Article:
註釈:

‘Refugees from north of the canal,’ Morgan said blandly, and turned away.
「refugee」は「避難民」。「canal」は「運河」。「blandly」は「静かに、穏やかに」。「turn away」はここでは「顔をそむける」。

For all his being a refugee himself, he appeared to feel no special empathy with his poorer counterparts.
「for all …」は「・・・にもかかわらず」。「counterpart」はここでは「互いによく似た人」。

Even when once I thought we had run over a sleeping form, and glanced back in alarm, my companion merely murmured: ‘Don’t worry. Probably just some old bundle.’
「run over」は「を轢く」。「form」はここでは「人影」。「in alarm」は「驚いて」。「murmur」はここでは伝達動詞で「・・・とつぶやく」。「some+名詞単数形」は「何かの」の意。「bundle」「束」。

Then after several minutes of silence, he startled me with a laugh.
「startle」は「をびっくりさせる」。

‘Schooldays,’ he said. ‘All comes back to you. They weren’t so bad, I suppose.’

I glanced at him and noticed teas welling in his eyes.
「well」はここでは「わき出る」。

Then he said:
‘You know, we should have teamed up.
「team up」は「協力する」。

The two miserable loners. That was the thing to do. You and me, we should have teamed up together. Don’t know why we didn’t.

We wouldn’t have felt so left out of things if we’d done that.’
「leave out」は「を閉めだす」。

I turned to him in astonishment.
「astonishment」は「驚き」。

But his face, caught in the changing light, told me he was somewhere far away.
As I have said, I could remember well enough Anthony Morgan’s being something of a ‘miserable loner’ at school.

It was not that he was practically bullied or teased by the rest of us; rather, as I recall it, it was Morgan himself who from an early stage cast himself in that role.
「It was not that …」は「・・・ということではなかった」。「bully」は「をいじめる」。「tease」は「をからかう」。「recall」は「を思い出す」。

He it was who always chose to walk by himself, lagging several yards behind the main group; who on bright summer days refused to join in the fun, and was to be found instead alone in a room, filling a notebook with doodles.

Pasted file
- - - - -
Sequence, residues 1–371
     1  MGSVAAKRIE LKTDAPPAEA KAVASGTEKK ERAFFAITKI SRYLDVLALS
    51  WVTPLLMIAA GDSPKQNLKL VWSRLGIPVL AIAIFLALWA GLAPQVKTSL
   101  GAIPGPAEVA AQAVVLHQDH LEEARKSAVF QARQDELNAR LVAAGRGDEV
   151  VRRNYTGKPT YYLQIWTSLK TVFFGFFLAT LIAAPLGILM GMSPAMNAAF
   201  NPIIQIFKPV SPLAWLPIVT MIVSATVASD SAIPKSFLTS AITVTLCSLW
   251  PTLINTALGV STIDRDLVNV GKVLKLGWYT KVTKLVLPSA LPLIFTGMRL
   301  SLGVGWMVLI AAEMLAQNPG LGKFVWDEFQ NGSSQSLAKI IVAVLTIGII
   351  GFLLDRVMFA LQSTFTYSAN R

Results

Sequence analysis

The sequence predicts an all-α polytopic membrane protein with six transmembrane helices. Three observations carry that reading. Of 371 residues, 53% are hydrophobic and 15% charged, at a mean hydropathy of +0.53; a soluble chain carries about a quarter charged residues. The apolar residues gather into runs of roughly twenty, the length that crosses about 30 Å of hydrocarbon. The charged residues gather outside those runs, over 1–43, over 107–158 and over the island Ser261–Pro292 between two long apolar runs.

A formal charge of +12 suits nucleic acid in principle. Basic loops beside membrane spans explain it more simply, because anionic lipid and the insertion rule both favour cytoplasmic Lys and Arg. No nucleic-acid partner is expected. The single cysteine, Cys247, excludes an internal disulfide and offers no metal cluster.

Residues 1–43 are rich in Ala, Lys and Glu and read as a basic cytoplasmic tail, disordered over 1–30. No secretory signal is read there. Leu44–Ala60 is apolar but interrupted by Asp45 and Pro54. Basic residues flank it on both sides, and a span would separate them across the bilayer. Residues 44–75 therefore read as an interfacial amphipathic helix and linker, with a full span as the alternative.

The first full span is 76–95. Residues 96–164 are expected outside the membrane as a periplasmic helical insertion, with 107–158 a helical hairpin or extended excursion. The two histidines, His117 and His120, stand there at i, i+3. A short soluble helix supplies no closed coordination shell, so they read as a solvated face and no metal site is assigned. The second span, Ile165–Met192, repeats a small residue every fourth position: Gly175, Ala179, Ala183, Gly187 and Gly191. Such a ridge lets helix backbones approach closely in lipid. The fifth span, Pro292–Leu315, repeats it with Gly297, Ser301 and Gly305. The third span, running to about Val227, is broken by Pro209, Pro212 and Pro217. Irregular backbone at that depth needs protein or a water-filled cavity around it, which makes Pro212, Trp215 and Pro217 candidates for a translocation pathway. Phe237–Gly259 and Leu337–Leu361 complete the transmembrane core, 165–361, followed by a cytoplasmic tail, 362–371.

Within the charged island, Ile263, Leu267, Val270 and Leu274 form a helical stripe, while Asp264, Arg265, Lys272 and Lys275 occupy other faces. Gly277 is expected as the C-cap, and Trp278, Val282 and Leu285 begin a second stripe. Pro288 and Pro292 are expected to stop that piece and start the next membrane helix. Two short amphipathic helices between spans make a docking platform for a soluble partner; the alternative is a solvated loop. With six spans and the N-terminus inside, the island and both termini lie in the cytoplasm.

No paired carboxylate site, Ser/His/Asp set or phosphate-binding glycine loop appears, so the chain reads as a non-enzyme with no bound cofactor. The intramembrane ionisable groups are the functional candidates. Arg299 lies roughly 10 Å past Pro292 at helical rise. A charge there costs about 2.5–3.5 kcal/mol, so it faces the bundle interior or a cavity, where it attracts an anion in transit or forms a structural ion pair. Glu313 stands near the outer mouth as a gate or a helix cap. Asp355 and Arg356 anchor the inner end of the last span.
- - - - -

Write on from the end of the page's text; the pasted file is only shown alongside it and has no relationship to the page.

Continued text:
「lag」は「のろのろ歩く」。「doodle」は「いたずら書き」。

All this I can remember clearly enough.

In fact, as soon as I had spotted him that night in the gloomy hotel lounge, what had come instantly to my mind was an image of his sulky, solitary walk behind the rest of us as we crossed the quadrangle between the art room and the cloisters.
「in fact」はここでは「実際」。「sulky」は「すねた」。「solitary」は「ひとりだけの」。「quadrangle」はここでは「中庭」。「cloisters」は「回廊」。

But his assertion that I had likewise been a ‘miserable loner’, one with whom he might have made a matching pair, was such an astounding one, it took me a while to realsie it was simply a piece of self-delusion on Morgan’s part – in all likelihood something he had invented years ago to make more palatable memories of an unhappy period.
「assertion」は「主張」。「astounding」は「びっくり仰天させるような」。「self-delusion」は「迷想」。「palatable」はここでは「快い」。

As I say, this did not occur to me instantly, and thinking about it now I see I may have been a little insensitive in my response.
「as I say」は「先ほども言ったように」。言った内容は現在も正しいという意識なので現在形が使われていると考えられます。「insensitive」はここでは「心ない」。

For I remember saying something like:
「for」はここでは「接続詞」で「というのは」の意。


『今日のイデイオム』

「turn away」
「顔をそむける」

「for all …」
「・・・にもかかわらず」

「run over」
「を轢く」

「some+名詞単数形」
「何かの」

「team up」
「協力する」

「leave out」
「を閉めだす」。

「It was not that …」
「・・・ということではなかった」

「in fact」
「実際」

「as I say」
「先ほども言ったように」